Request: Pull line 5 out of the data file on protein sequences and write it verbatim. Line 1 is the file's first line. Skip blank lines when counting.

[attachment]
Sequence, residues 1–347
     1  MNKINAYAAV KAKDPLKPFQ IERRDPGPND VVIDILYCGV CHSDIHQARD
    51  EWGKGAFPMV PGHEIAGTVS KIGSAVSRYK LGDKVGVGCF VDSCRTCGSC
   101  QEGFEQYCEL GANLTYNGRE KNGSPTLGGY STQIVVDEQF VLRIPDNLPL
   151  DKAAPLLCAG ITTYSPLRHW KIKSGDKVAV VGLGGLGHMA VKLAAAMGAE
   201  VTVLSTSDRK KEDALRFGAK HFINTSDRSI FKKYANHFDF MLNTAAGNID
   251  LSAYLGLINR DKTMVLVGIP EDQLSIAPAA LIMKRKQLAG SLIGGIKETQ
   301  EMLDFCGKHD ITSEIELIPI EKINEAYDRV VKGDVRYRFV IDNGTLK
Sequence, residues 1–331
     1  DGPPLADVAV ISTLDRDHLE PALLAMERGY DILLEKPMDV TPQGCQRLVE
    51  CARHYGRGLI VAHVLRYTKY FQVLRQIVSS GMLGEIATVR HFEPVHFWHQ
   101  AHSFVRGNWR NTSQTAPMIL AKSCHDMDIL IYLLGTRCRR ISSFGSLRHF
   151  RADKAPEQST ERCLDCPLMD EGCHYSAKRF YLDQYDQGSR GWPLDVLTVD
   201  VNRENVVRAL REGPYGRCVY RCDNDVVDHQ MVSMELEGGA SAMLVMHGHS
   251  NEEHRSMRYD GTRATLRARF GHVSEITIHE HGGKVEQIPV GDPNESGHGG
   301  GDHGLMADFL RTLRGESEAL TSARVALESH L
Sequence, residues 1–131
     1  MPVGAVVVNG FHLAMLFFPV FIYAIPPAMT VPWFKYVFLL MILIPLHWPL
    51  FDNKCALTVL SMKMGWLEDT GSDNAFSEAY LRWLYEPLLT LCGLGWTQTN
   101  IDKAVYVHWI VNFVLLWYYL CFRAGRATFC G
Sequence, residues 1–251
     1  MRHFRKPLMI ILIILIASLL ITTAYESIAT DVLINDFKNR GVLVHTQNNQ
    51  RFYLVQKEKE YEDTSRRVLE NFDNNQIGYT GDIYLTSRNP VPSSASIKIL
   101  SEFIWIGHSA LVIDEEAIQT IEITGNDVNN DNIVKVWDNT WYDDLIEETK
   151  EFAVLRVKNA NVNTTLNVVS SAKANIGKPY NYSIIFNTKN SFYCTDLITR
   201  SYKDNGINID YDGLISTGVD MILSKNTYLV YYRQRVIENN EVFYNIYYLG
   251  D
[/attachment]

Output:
   151  DKAAPLLCAG ITTYSPLRHW KIKSGDKVAV VGLGGLGHMA VKLAAAMGAE